For more than 40 years, the Greek Festival has welcome hundreds of people saying, "opa!" Friday through Saturday, they will welcome crowds again.
Organizers are hoping for bigger crowds in town before the eclipse. They're calling it the greek-clipse. last minute preparations were underway Friday morning. Dina Sakkas-Mulkey and husband Jay Mulkey have been volunteering to help run the big event for two decades. This year, they're serving family gyro recipes to the masses.
"Really I think what makes the best gyro is the sauce, and I think our sauce is pretty awesome," he said.
What's the Greek Festival all about?
"It's about the love of people, the love of food, and great parties," said Christine Krin, another volunteer.
"It's nice that everybody we all volunteer our time and our bodies for this," Sakkas-Mulkey said.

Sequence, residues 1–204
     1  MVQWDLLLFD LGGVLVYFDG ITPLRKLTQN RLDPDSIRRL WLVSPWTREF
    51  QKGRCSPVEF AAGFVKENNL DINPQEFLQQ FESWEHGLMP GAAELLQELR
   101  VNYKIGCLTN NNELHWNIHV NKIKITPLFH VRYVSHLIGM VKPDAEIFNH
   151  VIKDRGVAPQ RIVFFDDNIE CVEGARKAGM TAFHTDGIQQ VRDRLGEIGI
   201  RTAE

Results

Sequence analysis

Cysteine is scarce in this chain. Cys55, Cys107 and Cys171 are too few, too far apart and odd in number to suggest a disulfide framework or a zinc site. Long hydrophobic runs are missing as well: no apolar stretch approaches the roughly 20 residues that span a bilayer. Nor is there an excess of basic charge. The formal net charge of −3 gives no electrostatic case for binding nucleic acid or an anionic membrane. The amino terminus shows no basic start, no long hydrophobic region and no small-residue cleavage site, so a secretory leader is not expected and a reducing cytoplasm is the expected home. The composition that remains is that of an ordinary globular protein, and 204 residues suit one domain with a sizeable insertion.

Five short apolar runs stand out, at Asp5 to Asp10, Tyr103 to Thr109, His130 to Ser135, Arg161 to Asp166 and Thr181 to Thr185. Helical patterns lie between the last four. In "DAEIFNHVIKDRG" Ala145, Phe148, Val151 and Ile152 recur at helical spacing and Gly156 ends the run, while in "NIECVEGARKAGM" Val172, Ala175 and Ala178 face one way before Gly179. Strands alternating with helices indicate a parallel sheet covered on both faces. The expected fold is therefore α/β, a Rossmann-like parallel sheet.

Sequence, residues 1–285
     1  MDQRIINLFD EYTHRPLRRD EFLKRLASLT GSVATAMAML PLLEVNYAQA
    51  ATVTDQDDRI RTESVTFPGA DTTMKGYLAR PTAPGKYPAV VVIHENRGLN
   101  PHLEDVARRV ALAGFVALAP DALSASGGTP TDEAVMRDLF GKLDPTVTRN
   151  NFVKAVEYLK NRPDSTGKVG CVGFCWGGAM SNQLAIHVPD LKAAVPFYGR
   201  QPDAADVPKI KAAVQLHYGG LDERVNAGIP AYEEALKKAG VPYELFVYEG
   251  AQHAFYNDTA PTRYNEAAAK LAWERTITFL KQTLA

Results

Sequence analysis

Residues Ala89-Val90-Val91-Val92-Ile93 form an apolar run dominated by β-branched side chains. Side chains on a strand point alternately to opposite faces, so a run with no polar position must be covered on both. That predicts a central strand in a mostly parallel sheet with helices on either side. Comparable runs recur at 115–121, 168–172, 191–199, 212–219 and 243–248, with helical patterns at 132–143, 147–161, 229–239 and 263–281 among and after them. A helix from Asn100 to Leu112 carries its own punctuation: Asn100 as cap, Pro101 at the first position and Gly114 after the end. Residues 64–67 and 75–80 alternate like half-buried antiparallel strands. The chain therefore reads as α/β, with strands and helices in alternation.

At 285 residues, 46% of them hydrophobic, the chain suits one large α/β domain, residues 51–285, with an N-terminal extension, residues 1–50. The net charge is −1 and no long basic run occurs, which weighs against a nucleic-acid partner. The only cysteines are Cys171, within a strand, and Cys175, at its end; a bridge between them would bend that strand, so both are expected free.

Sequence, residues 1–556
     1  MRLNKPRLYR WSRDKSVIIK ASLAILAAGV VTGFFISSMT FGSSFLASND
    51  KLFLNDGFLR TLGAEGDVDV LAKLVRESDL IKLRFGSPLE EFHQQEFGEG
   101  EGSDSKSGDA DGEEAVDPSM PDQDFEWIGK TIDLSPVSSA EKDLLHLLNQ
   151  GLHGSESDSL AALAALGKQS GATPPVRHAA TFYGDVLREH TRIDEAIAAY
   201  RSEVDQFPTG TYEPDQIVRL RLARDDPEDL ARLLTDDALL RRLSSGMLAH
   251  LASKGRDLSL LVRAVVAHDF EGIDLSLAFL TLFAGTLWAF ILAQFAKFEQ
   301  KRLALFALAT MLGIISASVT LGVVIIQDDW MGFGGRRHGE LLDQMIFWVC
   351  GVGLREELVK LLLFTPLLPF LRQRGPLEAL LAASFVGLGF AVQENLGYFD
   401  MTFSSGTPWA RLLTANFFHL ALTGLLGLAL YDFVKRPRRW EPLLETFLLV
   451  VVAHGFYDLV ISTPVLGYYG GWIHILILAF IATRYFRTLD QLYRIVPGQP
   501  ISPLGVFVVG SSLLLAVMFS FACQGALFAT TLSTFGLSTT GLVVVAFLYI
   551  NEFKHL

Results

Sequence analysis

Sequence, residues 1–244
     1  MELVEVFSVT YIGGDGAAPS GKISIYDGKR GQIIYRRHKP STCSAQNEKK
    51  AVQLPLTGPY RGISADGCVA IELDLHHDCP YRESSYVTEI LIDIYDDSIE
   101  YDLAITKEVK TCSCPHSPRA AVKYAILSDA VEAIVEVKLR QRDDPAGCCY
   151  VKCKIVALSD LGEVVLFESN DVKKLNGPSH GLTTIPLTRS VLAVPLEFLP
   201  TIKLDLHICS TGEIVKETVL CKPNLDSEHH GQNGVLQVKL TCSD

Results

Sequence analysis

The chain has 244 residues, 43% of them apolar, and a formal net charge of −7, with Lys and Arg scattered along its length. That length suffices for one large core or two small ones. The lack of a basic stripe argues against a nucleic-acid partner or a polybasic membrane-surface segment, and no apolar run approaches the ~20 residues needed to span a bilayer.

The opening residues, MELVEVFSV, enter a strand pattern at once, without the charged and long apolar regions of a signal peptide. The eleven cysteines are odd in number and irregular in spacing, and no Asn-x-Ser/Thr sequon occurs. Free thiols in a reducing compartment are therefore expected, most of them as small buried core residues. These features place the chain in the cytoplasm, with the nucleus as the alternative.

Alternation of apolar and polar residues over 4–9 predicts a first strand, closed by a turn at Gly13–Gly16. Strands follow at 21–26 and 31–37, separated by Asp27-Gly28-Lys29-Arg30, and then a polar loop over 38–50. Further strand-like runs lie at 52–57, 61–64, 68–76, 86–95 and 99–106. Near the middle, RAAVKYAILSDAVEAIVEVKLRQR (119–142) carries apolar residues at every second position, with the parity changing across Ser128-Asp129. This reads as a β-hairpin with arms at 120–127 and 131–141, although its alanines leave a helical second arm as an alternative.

"Also, we celebrate our Christian heritage. A lot of people haven't seen the inside of our Byzantine church, and we'll have tours during the festival," Krin said.
For Dina and Jay, it's also about a tradition they wish to continue.
"My father has always lived next to a Greek Orthodox Church all his life. So they got involved, and they showed us, and so we in turn show our kids so its through the generations," Sakkas-Mulkey said.
The Greekfest is at St. John the Baptist Greek Orthodox Church from 5 to 11 p.m. Friday, from 11 a.m. to 11 p.m. Saturday, and from 11 a.m. to 7 p.m. Sunday. Click here for a free admission ticket.